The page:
Publication Type

Journal Article

Publication Date

9-2017

Abstract

The present research showsthat managers communicate negative feedback ineffectively because they sufferfrom transparency illusions that cause them to overestimate how accuratelyemployees perceive their feedback. We propose that these illusions emerge because managers areinsufficiently motivated to engage in effortful thinking, which reduces theaccuracy with which they communicate negative feedback to employees. Sixstudies (N=1,954) using actualperformance appraisals within an organization and role plays with MBA students,undergraduates, and online participants show that transparency illusions are stronger when feedbackis negative (Studies 1-2), that they are not driven by employee bias (Study 3),and occur because managers are insufficiently motivated to be accurate (Studies4a-c). In addition, these studies demonstrate that transparency illusions are driven by more indirect communicationby the manager and how different interventions can be used to mitigate theseeffects (Studies 4a-c). An internal meta-analysis including 11 studies from thefile drawer (N=2,082) revealed a moderate effect size (d=.43) free of publication bias.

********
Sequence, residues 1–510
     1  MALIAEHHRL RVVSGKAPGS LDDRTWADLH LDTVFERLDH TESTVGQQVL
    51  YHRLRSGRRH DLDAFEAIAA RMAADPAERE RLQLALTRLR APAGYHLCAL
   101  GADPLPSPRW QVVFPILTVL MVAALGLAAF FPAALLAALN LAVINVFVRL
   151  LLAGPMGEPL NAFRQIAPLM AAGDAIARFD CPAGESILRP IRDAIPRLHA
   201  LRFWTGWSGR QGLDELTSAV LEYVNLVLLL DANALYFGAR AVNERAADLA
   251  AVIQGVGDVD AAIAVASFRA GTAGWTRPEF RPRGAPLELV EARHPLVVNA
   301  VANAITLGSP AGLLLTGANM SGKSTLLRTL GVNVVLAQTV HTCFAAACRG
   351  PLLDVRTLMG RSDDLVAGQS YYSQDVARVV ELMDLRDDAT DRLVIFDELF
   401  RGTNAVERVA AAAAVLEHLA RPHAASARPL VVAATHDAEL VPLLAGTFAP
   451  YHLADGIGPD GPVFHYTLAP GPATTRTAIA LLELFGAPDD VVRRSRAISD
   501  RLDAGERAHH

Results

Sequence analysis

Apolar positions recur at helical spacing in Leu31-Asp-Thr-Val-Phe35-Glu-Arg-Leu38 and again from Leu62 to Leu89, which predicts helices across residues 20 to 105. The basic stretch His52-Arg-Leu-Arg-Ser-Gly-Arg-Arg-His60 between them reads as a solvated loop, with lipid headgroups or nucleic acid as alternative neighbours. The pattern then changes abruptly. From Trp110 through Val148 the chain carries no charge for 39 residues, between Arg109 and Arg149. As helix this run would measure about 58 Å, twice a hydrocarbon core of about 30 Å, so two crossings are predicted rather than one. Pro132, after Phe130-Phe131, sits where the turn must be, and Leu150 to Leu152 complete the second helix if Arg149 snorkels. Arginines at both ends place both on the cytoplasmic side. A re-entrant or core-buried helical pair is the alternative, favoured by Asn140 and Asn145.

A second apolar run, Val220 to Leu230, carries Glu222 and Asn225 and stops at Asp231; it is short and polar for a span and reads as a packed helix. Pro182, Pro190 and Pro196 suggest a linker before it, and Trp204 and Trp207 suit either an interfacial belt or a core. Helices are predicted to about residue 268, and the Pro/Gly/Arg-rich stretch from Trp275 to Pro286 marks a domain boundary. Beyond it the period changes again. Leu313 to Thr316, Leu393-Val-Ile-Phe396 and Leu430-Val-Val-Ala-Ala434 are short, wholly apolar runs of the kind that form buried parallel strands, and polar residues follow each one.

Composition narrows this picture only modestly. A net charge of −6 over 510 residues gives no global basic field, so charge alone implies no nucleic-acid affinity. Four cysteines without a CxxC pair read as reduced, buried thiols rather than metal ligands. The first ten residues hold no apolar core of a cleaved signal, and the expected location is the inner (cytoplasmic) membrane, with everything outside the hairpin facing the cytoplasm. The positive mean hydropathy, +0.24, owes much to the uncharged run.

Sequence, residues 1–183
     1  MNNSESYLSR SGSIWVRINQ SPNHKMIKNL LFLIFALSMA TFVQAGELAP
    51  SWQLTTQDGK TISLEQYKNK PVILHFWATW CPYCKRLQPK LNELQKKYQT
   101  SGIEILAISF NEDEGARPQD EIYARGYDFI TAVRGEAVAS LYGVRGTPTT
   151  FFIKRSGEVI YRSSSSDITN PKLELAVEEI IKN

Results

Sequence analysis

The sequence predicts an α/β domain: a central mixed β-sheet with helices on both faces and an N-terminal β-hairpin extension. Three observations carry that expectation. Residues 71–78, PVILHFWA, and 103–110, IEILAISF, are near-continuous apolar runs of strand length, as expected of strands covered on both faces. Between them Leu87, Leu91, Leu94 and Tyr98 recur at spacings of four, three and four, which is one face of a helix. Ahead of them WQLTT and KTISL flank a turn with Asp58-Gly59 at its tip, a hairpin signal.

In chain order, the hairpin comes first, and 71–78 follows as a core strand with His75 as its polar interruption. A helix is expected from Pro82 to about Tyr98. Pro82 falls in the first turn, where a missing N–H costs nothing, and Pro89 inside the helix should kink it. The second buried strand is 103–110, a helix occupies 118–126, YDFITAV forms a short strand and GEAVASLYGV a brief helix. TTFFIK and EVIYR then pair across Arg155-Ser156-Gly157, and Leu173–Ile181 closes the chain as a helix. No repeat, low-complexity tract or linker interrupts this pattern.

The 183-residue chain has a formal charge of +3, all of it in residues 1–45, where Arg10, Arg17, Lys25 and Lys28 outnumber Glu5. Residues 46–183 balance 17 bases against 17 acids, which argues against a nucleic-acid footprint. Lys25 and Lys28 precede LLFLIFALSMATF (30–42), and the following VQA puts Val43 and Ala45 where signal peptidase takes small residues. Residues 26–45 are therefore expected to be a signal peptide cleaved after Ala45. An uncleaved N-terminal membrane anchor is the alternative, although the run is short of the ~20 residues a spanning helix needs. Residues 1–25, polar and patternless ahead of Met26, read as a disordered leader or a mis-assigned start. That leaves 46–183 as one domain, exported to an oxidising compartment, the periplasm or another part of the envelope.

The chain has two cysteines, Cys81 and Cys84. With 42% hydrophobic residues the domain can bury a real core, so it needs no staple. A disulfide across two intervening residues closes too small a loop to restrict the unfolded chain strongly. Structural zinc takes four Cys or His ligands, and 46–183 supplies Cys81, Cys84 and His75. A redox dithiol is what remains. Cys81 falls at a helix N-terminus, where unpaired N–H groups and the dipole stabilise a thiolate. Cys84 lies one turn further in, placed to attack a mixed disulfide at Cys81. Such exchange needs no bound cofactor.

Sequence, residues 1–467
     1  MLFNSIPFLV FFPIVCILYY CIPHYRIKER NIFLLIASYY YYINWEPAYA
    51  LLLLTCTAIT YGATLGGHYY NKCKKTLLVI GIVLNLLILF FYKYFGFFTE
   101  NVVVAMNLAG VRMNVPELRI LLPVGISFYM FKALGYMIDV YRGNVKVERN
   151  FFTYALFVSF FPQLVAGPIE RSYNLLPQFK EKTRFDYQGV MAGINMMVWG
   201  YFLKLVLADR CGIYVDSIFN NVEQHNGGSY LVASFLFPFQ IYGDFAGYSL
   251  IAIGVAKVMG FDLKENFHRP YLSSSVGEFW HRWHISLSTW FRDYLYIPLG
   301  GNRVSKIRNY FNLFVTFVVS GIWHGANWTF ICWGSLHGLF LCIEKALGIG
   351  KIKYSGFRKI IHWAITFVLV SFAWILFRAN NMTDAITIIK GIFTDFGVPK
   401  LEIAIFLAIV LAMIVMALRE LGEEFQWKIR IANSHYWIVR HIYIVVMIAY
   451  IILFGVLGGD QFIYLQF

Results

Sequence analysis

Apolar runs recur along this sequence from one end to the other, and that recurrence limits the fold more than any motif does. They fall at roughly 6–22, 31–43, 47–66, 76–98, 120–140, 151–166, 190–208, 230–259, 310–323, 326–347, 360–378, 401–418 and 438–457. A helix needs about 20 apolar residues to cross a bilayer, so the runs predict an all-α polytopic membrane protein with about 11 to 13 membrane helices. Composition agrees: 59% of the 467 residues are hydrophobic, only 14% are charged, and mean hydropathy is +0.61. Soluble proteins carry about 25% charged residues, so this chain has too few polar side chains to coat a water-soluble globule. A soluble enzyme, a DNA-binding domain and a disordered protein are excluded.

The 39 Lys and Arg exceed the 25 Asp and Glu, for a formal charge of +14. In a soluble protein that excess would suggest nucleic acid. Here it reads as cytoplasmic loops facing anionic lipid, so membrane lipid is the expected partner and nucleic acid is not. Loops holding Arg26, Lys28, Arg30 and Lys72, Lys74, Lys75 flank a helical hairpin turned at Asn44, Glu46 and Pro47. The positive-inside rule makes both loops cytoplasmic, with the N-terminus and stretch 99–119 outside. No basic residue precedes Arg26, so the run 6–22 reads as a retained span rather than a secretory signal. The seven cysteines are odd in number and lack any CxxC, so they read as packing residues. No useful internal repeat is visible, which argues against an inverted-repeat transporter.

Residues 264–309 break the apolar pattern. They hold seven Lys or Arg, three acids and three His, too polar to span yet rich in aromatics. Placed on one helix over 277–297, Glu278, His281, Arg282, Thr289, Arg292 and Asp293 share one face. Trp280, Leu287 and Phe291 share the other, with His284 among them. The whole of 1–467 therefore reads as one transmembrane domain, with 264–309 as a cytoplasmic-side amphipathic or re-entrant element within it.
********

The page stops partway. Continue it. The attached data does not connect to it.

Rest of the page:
Keywords

Feedback, Performance Appraisal, Illusion of Transparency, Bias, Accountability, Incentives, Communication Directness

Discipline

Organizational Behavior and Theory | Organization Development

Research Areas

Organisational Behaviour and Human Resources

Publication

Organizational Behavior and Human Decision Processes

ISSN

0749-5978

Publisher

Elsevier

Creative Commons License

Creative Commons Attribution-Noncommercial-No Derivative Works 4.0 License
This work is licensed under a Creative Commons Attribution-Noncommercial-No Derivative Works 4.0 License.

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